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When to get professional advice about your pension

Anyone who has read the rest of this website should have the confidence and knowledge to arrange their pension money successfully on their own. But that doesn’t mean you won’t sometimes need professional advice along the way.

Here we outline the key points before and during retirement when that advice is most likely to be necessary. We explain how to find an adviser and how much you should expect to pay for the advice.

If and when you do sit down with an adviser, keep this book to hand: it will help you ask the right questions and ensure you have a better understanding of any recommendations.

When professional help is likely to be required

Final salary company pension transfers and other guarantees

For those in their 50s, teeing up your pensions ahead of a planned retirement will be more or less complicated depending mainly on what workplace pension arrangements you have in place.

As covered elsewhere on this website, if you have final salary (or defined benefit) pension entitlements, they are generally best left where they are. They will pay a guaranteed income underwritten by your former employer. But if you need or wish – for whatever reason – to move these entitlements in the form of a cash lump sum into another pension, you’ll need advice.

In fact it is a legal requirement – which will be made clear to you by the administrators of your company pension scheme – that you take financial advice if you wish to transfer benefits worth more than a certain value (currently £30,000).

This type of transaction is generally regarded as risky by financial advisers and many won’t undertake it. They fear that they will be open to future complaints or litigation. If you want to make such a transfer you need to tell your financial adviser upfront, to check whether they are prepared to take on your business.

Such transactions can also be extremely expensive, with advisers wanting to take a percentage slice of the assets as their fee (see ‘How much to pay’, below).

Likewise, if you have pensions to which special benefits apply – such as guaranteed annuity rates – you might well need professional help to evaluate the worth of those guarantees before you decide to move or encash the pension.

Tax and estate planning

Where you have substantial pension assets and/or a valuable property, you are probably going to need professional help at some point in order to avoid unnecessary tax. The following four circumstances don’t form a comprehensive list, but they are the most common triggers requiring people to seek tax advice in later life:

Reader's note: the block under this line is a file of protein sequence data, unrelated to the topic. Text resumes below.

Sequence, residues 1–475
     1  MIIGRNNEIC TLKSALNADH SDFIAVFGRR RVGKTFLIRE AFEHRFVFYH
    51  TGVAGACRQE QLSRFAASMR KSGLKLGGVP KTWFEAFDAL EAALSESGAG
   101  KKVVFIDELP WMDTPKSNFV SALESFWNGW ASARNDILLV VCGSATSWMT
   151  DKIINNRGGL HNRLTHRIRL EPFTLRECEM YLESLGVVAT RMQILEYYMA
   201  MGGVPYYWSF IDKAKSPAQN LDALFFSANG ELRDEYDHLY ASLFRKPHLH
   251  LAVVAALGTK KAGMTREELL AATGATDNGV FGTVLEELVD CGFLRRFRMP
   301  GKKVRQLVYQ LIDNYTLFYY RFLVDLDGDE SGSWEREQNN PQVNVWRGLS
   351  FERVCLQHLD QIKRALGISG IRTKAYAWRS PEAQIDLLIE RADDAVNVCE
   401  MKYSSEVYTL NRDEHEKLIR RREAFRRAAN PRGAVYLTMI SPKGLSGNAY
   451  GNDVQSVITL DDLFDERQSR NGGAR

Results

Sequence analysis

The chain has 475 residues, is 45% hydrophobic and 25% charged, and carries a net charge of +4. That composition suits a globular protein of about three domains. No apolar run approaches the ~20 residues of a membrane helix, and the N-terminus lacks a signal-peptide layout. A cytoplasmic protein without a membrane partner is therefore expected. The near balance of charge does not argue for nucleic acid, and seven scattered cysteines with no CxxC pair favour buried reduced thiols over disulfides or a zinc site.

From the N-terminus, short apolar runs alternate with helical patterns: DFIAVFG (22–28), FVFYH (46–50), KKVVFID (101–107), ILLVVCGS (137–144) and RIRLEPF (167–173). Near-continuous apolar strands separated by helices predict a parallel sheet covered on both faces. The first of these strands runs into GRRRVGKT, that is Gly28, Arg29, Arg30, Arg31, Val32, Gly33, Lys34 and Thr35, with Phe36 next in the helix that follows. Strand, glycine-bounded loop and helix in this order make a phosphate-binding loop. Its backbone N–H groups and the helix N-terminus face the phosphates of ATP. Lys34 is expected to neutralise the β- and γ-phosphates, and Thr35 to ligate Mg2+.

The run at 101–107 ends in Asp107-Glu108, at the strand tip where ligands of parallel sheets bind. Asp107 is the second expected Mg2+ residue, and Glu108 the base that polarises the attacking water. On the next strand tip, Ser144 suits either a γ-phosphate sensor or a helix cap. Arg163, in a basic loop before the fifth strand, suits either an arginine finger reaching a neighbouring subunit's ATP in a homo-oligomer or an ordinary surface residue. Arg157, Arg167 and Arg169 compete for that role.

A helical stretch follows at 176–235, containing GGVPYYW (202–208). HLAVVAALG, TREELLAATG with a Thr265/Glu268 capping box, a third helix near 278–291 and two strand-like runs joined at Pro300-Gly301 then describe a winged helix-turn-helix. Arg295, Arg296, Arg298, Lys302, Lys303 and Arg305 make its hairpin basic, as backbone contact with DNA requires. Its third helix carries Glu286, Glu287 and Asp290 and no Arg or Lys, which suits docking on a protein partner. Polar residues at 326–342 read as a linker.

1. Pension assets worth £1m or approaching £1m. As covered elsewhere on this website, the current lifetime allowance – the maximum you can save within a pension in a lifetime – is set at just over £1m. You can negotiate your way through this on your own, but the rules are still relatively new. You may need the reassurance of a tax professional’s advice.

2. Total assets including your property of more than £1m per married couple. If you’re in this position, inheritance tax is likely to be due on your estate following your death(s). There are some uncomplicated – and wholly legitimate – steps you can take to reduce this liability. Taking tax advice early on will give you opportunities to limit the bill.

3. Marriage, divorce, death or inheritance. As in all stages of life, these key events usually require a rearrangement of your financial affairs. If you’re older there can be an element of urgency, as there is likely to be less time in which to manage tax liabilities or ensure that your wealth – pensions and everything else – is directed towards your chosen recipients.

4. Drawing a large, one-off sum from your pension. Remember that pension withdrawals are taxed as income (see our guide to tax). If you need to make significant withdrawals, for example to help a child buy a property, you may need to plan this in order to avoid paying higher rates of income tax. Depending on the size and complexity of your other income, you might benefit from professional help.

Equity release

The decision to mortgage your home in later life is so serious that there are specialist financial advisers who provide help with this alone. This is an advantage in some ways: you could expect a good equity release adviser to know all of the current available rates and options, for example, which is crucial for those who want flexibility in how they borrow (see our article on equity release).

But these advisers may not be as well qualified to see how your equity release arrangement will fit with your wider financial and tax circumstances.

Where to find an adviser

If a friend or family member whose circumstances are similar to your own can recommend their financial adviser, start there. It’s hard to beat a personal recommendation from someone you trust.

If you’re not in this position, there are several useful directories published by advisers’ trade bodies or other organisations. These include: An independent directory of professionals searchable by area and specialism. An independent directory of advisers, also searchable by area and specialism, but with the difference that advisers are reviewed by clients.

The Personal Finance Society Part of the Chartered Insurance Institute, this is the professional body representing financial planners. It publishes a directory of advisers and chartered planners at This is the government’s general financial information service. It includes a directory of financial advisers. Another useful service set up by the government. It also offers a free phone-based or face-to-face appointment with a pensions specialist who can outline in broad terms your pension choices. It’s not tailored advice. To qualify you need to be over 50 and not have any final salary pension entitlements.